forecastingprinciples.com Reviews of Important Papers on Forecasting,
1985-1995 Reviews
Review of:

Ben-Shakhar, Gerson, M. Bar-Hillel, Y. Bliu, E. Ben-Abba, and A. Flug (1986), "Can graphology predict occupational success? Two empirical studies and some methodological ruminations," Journal of Applied Psychology, 71, 645-653.


[Review written with J. Scott Armstrong]

The analysis of handwriting (graphology) is used extensively for personnel selection in Europe. One survey indicated that 85% of European firms use it. Furthermore its use seems to be growing. Does this success in the market mean that the predictions are valid? No. Previous research has not provided evidence of predictive ability. Ben-Shakhar et al. add two carefully done studies: The first study deals with forecasting job success, and the second one asks subjects to predict the occupations of a group of highly successful people. In predicting job success, where the criterion was the supervisor's evaluation, three graphologists who were on the company's payroll did no better than a clinical psychologist with no knowledge of graphology who read the same materials. In the study for the prediction of occupations, the graphologists were given materials written by 40 highly successful people from various occupations mathematicians, psychologists, artists, physicians, executives, architects; and jurists. Each person wrote exactly the same words in their primary language, Hebrew. Five Israeli graphologists took part in the study, three of them being famous in this field. (A dozen other graphologists had refused to participate.) The graphologists predicted the occupation of the writers no more accurately than chance, even though some writing conventions are used in certain occupations. For example, architects use a "B"' made up of a small oval above a large oval. Combined with previous studies using different samples, in different countries, with different criteria, and different study designs, one might conclude with confidence that graphology has no predictive validity.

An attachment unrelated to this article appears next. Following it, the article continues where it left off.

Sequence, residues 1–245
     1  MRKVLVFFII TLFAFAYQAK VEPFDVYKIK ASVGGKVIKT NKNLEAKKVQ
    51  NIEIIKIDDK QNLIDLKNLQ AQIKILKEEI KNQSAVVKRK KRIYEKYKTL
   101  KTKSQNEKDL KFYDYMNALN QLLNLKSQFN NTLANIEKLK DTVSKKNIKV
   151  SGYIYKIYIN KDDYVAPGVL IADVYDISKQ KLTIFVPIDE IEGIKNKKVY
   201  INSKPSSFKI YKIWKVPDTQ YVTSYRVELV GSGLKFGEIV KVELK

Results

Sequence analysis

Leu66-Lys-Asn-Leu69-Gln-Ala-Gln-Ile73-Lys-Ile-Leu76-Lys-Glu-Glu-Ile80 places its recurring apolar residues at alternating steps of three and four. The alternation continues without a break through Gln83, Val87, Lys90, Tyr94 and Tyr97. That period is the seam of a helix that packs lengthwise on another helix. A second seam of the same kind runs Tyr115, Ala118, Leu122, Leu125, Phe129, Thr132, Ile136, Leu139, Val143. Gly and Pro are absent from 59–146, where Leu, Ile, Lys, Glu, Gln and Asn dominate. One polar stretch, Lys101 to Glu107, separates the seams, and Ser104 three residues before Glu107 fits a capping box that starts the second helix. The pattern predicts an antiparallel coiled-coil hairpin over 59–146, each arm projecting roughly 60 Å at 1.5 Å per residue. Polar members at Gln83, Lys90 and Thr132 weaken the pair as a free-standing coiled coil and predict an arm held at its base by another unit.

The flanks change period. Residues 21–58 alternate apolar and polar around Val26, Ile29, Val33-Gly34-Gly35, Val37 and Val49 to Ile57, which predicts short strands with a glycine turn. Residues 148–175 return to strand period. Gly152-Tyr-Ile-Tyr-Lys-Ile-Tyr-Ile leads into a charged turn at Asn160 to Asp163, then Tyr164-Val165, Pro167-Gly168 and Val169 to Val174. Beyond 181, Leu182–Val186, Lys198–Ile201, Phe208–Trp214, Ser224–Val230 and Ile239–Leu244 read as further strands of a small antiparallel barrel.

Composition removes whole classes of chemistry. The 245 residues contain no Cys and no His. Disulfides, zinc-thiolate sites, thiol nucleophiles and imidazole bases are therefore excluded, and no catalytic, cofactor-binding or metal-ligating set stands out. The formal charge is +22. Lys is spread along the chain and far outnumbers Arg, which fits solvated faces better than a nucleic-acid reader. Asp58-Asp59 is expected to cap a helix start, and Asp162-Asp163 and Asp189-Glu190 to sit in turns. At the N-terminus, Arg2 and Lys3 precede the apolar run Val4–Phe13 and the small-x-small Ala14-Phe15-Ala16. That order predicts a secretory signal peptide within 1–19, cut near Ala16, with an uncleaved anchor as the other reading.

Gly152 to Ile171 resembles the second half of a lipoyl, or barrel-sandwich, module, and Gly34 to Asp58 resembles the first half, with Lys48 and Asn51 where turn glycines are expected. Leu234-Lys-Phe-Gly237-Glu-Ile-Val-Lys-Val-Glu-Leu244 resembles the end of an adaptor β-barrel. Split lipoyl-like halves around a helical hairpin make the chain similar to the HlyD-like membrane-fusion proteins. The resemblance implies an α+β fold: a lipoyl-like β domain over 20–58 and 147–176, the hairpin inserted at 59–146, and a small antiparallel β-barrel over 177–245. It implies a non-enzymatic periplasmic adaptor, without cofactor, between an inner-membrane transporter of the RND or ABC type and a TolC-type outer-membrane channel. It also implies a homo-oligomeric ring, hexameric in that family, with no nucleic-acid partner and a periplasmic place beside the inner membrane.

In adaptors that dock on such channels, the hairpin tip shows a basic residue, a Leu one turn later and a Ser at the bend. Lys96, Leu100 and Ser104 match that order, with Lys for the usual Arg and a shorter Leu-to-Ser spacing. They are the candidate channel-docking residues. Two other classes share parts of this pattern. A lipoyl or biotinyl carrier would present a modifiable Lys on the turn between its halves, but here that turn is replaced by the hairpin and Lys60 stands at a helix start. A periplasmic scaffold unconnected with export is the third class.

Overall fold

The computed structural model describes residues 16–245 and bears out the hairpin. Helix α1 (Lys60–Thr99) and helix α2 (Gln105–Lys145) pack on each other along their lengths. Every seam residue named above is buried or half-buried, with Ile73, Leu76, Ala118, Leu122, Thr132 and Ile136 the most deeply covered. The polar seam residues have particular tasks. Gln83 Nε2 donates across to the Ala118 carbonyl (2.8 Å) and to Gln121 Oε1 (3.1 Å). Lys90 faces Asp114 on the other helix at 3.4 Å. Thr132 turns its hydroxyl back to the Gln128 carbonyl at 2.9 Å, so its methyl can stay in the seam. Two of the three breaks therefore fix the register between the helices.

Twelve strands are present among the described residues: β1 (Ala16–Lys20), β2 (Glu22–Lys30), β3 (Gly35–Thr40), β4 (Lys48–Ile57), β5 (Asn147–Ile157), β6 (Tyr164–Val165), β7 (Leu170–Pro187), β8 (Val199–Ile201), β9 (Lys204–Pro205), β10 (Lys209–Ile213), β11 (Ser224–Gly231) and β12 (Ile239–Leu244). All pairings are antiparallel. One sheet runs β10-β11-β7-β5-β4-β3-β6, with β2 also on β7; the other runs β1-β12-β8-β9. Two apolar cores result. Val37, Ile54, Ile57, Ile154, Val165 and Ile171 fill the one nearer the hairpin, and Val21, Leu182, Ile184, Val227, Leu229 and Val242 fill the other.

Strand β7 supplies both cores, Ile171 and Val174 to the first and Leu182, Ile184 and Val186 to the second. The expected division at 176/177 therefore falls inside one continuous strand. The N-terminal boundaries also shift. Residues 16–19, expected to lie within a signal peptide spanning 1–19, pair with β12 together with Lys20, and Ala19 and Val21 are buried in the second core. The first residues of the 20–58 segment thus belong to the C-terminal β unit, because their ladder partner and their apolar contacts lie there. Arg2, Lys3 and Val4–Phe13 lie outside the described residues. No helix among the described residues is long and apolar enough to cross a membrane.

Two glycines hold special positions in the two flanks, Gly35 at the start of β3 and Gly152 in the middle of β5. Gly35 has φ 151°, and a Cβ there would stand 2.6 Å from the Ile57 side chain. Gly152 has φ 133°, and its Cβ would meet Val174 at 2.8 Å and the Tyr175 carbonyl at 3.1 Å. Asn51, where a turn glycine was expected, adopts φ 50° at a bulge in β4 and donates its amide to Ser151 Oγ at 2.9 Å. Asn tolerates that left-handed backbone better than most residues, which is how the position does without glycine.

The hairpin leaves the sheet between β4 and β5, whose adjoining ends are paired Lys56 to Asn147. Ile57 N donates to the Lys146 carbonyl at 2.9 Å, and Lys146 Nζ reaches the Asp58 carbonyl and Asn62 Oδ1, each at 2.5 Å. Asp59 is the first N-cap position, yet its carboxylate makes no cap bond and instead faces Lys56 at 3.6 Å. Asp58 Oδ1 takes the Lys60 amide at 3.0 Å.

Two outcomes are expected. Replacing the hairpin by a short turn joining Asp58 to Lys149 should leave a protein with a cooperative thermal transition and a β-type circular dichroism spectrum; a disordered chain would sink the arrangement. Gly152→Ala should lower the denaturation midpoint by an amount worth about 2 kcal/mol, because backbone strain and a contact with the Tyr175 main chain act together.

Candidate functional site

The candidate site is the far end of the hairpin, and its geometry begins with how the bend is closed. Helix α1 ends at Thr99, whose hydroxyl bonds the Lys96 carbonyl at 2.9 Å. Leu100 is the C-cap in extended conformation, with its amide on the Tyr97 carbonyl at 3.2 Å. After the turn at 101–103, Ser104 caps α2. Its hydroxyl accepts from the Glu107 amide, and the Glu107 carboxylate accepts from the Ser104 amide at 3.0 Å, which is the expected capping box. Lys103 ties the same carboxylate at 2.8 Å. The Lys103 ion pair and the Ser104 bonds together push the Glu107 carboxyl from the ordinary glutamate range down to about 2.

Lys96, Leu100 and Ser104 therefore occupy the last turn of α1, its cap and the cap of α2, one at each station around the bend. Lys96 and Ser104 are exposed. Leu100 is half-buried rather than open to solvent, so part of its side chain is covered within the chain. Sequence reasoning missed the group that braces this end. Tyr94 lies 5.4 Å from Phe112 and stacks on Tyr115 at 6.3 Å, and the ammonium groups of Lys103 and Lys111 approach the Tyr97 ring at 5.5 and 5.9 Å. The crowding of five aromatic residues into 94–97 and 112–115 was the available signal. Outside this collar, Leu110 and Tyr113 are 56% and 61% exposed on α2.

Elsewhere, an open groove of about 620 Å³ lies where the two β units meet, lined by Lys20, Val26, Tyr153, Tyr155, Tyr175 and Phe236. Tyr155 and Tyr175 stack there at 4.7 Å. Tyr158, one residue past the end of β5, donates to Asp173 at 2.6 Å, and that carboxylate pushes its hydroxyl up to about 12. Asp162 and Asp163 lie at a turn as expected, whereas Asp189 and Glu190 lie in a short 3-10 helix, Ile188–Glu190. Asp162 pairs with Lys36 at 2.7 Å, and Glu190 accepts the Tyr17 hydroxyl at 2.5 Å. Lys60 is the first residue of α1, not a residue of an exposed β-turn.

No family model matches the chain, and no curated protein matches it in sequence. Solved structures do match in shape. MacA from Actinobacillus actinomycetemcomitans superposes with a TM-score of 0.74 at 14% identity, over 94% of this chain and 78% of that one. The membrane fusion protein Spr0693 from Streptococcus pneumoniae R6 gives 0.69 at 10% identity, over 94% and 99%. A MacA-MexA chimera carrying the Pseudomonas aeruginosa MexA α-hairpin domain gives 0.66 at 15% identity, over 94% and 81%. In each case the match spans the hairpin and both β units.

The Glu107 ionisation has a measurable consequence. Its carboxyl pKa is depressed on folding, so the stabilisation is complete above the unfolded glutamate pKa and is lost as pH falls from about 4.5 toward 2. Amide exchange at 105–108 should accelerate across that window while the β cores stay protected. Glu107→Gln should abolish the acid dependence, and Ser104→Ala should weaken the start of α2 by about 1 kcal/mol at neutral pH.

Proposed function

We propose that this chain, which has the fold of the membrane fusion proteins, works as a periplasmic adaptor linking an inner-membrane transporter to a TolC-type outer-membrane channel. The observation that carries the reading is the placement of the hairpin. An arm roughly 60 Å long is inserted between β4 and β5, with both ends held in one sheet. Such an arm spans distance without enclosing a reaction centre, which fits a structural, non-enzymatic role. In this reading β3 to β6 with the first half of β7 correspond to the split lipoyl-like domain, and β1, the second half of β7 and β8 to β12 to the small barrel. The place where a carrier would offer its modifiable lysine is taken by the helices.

The authors then examine why graphology sells. It does so because it appears to work. First, it has high face validity. Second, the users do not systematically evaluate the predictive accuracy. Graphologists have certain tricks of the trade that make the predictions seem to be correct. [If we used our unaided observation of magicians to assess the world, it would lead to some strange conclusions about the behavior of objects.] Third, personnel predictions are important and difficult; executives are happy to pass along the responsibility for this task to someone who claims to have the professional ability to make such predictions. Fourth, while the graphologists do not add validity due to their handwriting analysis, they do read the application materials and provide predictions. While these predictive validities are a bit poorer than those derived from a battery of tests, handwriting analysis is less expensive than the tests. Given all these reasons, I predict that graphology will continue to enjoy success in large bureaucratic firms in Europe.